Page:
Chesterfield Road, Staveley, Chesterfield, S43
An economical brick Gothic Revival design, built in the interwar years with volunteer labour to serve a poor mining district. The interior has been reordered on several occasions, and contains good figurative stained glass, a historic organ and a tabernacle by David John.
Staveley grew during the nineteenth century with the establishment of industries dependent upon coal and iron. The workforce attracted to the area included large numbers of Catholics from Ireland. Fr Syraest SJ began giving instruction in a joiners shop, and in 1883 a Mass centre was established. By the spring of 1884 Bishop Bagshaw of Nottingham established Staveley as a separate mission and appointed a priest, the Rev. Robert Dunham. Services were first held at a room in an inn, and the priest also served a Mass centre in nearby New Whittington. In about 1889 land in Duke Street, Staveley, was donated by the Arkwright family of Sutton Scarsdale Hall, and a temporary iron church was built. Plans for building a new church were current from 1923, but did not come to fruition for several years. During the early 1930s local newspapers record fundraising events for the new building. It was erected in 1933, using voluntary labour, and the foundation stone was blessed on 12 July that year.
Over the years the church was embellished with stained glass windows, mainly by the Hardman firm. A parish hall and presbytery were built beside the church in 1966 to the designs of John Rochford & Partner), and in 1969 an organ was obtained from The Zion Methodist Church, Speedwell. The church was reordered in 1977 by John Rochford & Partner and was dedicated and consecrated in 1983. Further reordering and refurbishment took place incrementally between 1999 and 2008, during which time benches were replaced with chairs and redecoration and facilities upgraded.
In 2006 the church hall and presbytery were demolished, leaving the link between church and presbytery which forms a west porch. The church is now served from St Hugh of Lincoln, Newbold, Chesterfield (qv).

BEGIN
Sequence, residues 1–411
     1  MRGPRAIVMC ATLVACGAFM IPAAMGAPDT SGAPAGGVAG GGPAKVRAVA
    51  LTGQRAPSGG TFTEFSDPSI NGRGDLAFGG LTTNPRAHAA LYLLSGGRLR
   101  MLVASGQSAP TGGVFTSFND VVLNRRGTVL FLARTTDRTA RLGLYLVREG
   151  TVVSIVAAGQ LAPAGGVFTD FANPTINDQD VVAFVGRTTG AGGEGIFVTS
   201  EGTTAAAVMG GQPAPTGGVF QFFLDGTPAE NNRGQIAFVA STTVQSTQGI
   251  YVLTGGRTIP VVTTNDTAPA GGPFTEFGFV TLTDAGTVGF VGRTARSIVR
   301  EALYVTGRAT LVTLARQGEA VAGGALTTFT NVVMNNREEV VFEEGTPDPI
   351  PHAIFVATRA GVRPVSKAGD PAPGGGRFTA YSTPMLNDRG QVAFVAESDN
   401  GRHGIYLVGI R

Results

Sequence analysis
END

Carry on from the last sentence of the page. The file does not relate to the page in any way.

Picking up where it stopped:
All orientations given are liturgical. The church is built of red brick laid in English garden wall bond, with contrasting dressings of terracotta or artificial stone and a slate roof with cross finials at each end. It is of steel portal frame construction. It consists of a nave with a narrower chancel, southeast vestry and low flat-roofed west end extension, forming a porch with ancillary facilities. Windows are generally paired, with simple pointed heads.
Inside, the building has exposed arched roof trusses. A former baptistery with ironwork gates at the southwest end is now used as a chapel of the Sacred Heart. On each side of the chancel arch are shrines dedicated to Our Lady and to St Joseph, with statues in marble surrounds. The chancel and sanctuary is raised and there is a forward altar and modern sanctuary furnishings, including a tabernacle by David John. A standard fibreglass representation of the Risen Christ is attached to the east wall. A fine imported pipe organ at the west end is by Albert Keates of Sheffield, built in 1908. It is included in the National Register of Pipe Organs, and there is a technical description of the instrument on their website. The church has several good stained glass windows, mainly by the Hardman firm and mainly of early-mid twentieth century date. A window depicting Our Lady and St Anne of circa 1950 is signed Hardman, but others are not signed. A window on the north side depicting the Virgin enthroned with the Christ Child was originally in the west wall, but moved during alterations of the 1960s. Other windows are filled with oblong quarries of differently coloured and textured glass, creating a warm colourful effect.
Architect: Not established
Original Date: 1933
Conservation Area: No
Listed Grade: Not Listed